The team went on to sequence complete and near complete 16S rRNA gene sequences from the samples which generated surprising taxonomic assignment. Most of the prevalent prokaryoplankton lineages have small genomes (one to two mega base pair (Mbp)), low GC content (29-35%) and small cell diameters (0.2-0.5 mm) which is consistent with previous reports. However, there were also a good number of lineages that did not conform to this pattern, as they have average genome sizes (>3 Mbp), GC content >45% and cell diameter >0.4 mm, suggesting specialized ecological niches and divergent adaptations.
Pachiadaki and colleagues also found no evidence of nitrogen fixation pathways in any of the prokaryoplankton that were analyzed, including members of the Planctomycetes phylum, contrary to a recent report. The GORG-Tropics library also provided clues to biosynthetic pathways including species that contained multiple polyketide synthase systems that have showed utility as natural product antibiotics.5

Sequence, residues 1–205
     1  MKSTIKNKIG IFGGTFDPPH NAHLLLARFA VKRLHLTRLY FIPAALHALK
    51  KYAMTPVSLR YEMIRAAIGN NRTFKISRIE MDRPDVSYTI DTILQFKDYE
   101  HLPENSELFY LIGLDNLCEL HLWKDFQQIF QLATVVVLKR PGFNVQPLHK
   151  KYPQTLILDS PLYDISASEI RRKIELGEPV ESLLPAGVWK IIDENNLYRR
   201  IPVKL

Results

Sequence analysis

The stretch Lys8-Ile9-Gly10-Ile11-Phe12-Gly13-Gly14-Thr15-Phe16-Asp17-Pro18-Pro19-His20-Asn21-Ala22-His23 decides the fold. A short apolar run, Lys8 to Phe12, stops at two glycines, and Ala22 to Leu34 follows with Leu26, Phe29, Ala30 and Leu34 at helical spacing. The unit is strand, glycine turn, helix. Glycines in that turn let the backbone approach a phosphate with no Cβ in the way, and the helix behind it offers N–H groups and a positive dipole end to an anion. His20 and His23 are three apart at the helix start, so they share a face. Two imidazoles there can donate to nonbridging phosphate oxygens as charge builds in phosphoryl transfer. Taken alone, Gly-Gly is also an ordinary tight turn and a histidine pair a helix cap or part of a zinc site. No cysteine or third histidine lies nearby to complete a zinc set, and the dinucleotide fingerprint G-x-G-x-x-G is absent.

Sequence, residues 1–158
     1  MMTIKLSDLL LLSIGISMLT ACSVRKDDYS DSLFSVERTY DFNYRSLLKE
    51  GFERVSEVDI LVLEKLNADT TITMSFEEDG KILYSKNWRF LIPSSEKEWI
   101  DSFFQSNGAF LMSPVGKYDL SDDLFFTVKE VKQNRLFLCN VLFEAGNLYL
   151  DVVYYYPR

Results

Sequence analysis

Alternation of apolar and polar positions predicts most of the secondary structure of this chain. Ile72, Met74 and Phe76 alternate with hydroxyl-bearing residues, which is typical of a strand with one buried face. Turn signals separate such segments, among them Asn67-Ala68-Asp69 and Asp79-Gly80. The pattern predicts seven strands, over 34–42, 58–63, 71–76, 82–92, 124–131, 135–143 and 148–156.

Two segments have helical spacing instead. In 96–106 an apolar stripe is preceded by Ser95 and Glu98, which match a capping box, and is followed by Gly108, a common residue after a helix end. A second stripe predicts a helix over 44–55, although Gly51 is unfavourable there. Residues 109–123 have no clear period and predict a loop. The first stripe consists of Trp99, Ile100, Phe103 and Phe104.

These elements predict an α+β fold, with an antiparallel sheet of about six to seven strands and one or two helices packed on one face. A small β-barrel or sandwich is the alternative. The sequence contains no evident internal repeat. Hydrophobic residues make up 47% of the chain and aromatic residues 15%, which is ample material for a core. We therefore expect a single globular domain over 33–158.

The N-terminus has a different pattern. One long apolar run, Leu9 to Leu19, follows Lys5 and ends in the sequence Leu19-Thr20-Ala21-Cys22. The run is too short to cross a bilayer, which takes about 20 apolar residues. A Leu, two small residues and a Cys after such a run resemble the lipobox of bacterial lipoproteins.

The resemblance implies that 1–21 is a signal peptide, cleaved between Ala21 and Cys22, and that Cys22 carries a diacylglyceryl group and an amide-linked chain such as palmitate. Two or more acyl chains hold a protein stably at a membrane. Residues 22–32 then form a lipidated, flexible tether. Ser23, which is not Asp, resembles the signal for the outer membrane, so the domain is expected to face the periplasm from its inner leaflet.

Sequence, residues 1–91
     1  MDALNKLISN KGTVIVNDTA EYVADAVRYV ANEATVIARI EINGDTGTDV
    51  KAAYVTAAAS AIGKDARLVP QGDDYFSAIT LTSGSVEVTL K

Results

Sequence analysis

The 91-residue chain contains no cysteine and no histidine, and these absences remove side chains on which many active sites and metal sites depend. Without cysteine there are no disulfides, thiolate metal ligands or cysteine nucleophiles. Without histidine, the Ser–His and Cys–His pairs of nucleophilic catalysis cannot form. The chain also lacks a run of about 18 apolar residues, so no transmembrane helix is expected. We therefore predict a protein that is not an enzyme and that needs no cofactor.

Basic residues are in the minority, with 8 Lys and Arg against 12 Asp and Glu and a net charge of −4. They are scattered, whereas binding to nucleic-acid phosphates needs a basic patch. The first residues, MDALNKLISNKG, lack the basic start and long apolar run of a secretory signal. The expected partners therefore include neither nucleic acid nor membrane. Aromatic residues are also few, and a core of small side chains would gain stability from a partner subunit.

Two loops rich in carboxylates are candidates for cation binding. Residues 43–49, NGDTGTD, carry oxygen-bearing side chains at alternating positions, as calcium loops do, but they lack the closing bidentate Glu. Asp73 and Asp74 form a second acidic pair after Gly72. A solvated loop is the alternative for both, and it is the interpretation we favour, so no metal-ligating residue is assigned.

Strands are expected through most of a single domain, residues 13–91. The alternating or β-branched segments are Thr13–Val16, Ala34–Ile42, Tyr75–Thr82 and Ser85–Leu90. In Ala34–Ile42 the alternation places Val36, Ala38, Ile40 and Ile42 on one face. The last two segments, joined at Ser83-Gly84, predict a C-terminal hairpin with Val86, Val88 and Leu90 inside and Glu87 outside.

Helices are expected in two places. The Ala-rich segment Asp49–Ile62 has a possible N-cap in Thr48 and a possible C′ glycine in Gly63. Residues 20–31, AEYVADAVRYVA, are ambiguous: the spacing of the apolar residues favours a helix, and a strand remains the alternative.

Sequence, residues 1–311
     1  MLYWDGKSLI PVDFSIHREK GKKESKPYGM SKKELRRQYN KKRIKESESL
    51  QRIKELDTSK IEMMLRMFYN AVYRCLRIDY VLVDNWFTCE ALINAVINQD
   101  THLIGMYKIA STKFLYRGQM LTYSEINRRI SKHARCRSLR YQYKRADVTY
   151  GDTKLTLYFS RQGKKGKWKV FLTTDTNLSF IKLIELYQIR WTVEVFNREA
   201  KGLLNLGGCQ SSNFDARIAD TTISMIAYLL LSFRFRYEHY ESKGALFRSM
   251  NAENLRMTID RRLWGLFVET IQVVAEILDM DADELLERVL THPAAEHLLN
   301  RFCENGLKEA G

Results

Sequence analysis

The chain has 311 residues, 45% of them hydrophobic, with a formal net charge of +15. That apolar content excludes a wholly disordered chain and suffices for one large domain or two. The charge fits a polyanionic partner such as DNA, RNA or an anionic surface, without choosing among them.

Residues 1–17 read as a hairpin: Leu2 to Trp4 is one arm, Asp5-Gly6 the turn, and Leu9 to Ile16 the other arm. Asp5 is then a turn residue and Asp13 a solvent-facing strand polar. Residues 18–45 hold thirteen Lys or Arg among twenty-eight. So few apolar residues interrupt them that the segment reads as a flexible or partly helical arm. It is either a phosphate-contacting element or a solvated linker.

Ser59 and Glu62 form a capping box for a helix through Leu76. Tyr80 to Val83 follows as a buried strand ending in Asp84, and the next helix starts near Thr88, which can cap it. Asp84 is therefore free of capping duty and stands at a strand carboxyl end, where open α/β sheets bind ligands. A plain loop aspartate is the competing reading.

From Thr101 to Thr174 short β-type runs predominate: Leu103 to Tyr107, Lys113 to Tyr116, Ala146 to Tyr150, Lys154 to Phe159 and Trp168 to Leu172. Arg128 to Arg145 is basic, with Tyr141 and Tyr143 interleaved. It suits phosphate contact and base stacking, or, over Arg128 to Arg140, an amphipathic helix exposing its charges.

“The approach we employed here enabled the first methodical, lineage-resolved survey of gene clusters involved in energy, nitrogen and secondary metabolisms. This confirmed an earlier finding of the genomic potential for aerobic anoxygenic photosynthesis in Ca. Luxescamonaceae and showed that this lineage of Alphaproteobacteria is substantially more abundant than previously thought. The abundance and diversity of the identified biosynthetic clusters suggested an importance of secondary metabolites in the dilute environment of free-living prokaryoplankton and offered a bioprospecting roadmap for biotechnology applications. We also propose that randomized single-cell genomics should serve as a new, instrumental approach for studies of soil, plant, mammalian and other microbiomes in order to fill our major knowledge gaps about these important microbial players in the functioning of diverse ecosystems and macroorganisms, as well as in climate change and other global processes," said Pachiadaki.